Skip to content
Skip to main content

About this free course

Download this course

Share this free course

Seeing institutions in different ways
Seeing institutions in different ways

Start this free course now. Just create an account and sign in. Enrol and complete the course for a free statement of participation or digital badge if available.

1.2 Institutions as sets of rules and norms

Brett goes further than referring to rules and norms. He talks about ‘sets of rules’ (and by extension he might as well say ‘sets of norms’). This is important, as I indicated in relation to my colleague’s challenge. Institutions – as rules and norms – don’t exist in isolation, but rather can be seen to be connected with each other in any given society.

Douglass North is one important theorist who has promoted this idea. It can be taken too far! One of North’s followers put it like this:

Douglass North, the Nobel Laureate, made clear that institutions are the rules of the game in a society … Characteristically, each rule performs a distinct function. But its effectiveness hinges on being complemented and supplemented by others. Together, the rules form a hierarchic structure of mutually supporting directives that influence jointly and can impact decisively the development of nations.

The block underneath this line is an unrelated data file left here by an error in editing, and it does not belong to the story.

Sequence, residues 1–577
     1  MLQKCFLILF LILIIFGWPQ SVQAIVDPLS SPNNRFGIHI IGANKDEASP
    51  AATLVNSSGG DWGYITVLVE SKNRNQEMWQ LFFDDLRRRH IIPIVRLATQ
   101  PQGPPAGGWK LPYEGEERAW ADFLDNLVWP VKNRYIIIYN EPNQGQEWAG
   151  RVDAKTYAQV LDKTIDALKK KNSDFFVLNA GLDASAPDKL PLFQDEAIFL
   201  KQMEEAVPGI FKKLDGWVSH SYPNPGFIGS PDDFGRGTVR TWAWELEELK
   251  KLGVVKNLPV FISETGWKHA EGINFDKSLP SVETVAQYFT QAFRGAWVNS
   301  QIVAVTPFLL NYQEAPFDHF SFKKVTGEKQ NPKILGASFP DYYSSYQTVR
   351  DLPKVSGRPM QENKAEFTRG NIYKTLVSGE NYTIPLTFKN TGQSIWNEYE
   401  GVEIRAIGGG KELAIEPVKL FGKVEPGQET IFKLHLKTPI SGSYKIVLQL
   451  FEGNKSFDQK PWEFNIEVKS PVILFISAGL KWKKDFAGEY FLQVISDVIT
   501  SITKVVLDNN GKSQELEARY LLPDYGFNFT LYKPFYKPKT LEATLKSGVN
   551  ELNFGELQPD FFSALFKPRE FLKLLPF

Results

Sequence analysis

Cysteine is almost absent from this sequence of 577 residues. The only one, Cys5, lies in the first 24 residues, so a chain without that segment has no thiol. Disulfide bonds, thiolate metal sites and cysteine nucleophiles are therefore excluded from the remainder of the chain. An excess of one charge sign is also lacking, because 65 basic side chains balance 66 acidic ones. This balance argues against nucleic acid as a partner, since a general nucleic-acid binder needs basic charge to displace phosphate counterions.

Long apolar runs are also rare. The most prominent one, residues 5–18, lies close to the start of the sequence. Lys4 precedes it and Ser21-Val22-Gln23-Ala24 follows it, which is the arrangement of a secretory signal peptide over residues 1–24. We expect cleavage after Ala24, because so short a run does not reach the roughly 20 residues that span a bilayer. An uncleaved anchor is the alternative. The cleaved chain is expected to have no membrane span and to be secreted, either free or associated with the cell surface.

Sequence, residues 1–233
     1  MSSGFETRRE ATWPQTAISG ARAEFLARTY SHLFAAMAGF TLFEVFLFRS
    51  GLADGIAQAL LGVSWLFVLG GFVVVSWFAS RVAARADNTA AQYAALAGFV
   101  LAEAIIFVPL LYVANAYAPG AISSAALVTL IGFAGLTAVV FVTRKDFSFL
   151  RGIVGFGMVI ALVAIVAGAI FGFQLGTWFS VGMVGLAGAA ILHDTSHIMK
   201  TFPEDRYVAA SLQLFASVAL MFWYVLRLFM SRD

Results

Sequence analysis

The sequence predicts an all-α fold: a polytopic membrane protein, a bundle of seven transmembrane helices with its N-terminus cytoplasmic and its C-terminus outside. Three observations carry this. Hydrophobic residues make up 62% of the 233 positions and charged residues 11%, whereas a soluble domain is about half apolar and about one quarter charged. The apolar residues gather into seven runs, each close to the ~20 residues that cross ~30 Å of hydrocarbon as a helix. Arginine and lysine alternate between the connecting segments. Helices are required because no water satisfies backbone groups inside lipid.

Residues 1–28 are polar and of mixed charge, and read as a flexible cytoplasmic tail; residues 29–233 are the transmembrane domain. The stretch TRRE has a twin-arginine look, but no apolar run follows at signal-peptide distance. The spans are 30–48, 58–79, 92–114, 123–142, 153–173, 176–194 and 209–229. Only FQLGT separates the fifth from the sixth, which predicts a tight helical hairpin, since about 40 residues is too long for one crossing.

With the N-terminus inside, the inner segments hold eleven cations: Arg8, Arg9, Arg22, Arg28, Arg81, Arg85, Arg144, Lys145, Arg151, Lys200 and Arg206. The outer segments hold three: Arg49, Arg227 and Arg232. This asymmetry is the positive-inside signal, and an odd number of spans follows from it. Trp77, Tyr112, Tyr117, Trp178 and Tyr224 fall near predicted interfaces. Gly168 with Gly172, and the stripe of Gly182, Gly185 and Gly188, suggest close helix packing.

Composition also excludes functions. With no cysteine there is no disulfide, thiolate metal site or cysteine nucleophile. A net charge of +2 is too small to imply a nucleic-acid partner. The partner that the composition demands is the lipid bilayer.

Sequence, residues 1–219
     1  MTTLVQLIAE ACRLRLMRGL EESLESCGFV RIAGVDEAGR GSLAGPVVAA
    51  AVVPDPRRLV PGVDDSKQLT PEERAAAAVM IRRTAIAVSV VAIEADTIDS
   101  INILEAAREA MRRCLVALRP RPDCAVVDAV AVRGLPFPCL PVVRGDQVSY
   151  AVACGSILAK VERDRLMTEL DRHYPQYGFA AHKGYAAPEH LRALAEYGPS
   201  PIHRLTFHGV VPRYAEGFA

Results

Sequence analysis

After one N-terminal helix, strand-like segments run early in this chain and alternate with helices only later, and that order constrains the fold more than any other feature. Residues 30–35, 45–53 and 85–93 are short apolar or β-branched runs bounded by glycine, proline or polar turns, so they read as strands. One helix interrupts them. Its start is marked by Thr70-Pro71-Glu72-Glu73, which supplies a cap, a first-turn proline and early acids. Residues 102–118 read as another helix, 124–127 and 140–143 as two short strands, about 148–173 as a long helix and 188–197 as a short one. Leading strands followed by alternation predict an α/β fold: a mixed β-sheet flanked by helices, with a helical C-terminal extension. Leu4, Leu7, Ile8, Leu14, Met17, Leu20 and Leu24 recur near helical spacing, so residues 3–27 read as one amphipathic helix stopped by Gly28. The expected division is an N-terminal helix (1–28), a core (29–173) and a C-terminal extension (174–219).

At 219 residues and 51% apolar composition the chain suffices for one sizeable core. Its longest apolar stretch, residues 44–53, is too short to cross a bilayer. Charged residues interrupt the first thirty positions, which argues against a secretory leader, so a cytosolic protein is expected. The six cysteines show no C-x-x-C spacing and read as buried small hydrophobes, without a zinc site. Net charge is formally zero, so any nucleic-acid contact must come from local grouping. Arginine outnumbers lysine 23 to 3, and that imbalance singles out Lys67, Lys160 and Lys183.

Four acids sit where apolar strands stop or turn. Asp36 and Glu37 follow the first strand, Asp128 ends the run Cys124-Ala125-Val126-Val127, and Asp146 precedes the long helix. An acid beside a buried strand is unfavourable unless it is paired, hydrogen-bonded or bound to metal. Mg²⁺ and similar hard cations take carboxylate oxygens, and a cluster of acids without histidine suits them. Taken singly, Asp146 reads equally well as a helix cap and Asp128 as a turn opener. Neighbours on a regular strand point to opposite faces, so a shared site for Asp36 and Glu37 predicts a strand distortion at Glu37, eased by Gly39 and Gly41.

(Van der Linden, 2001)

That is taking the idea of the connectedness of institutions too far. Sometimes ‘directives’ are ‘mutually supporting’, sometimes they are not. Nonetheless, rules do overlap, as is better suggested in the following statement:

Social, political and economic institutions overlap and affect each other – and they seldom relate to isolated spheres of human action and interaction. Change in one institutional sphere will impact on other institutional spheres.

(Leftwich and Sen, 2011)

This valuably suggests that when looking at institutions with a view to changing them – changing the rules and norms – you need to look for these connections. You need in fact to see the whole institutional landscape in which the change will take place.

As Brett indicates, the rules and norms are not necessarily written down: norms very rarely are. Some rules will be, but in all these cases – and in any others – written rules will be complemented with unwritten ones, and those unwritten rules can be the ones that act most powerfully on us as ‘incentives or sanctions’.

And, of course, different people will interpret the rules in different ways – and some will break them or work outside them.

You might like to think about and comment on these last two points, perhaps in the light of the (I think) useful idea I cited above of institutions as the ‘rules of the game’. But now I want to pick up another key point raised in the statement from Brett: the relationship between ‘institutions’ and ‘organisations’.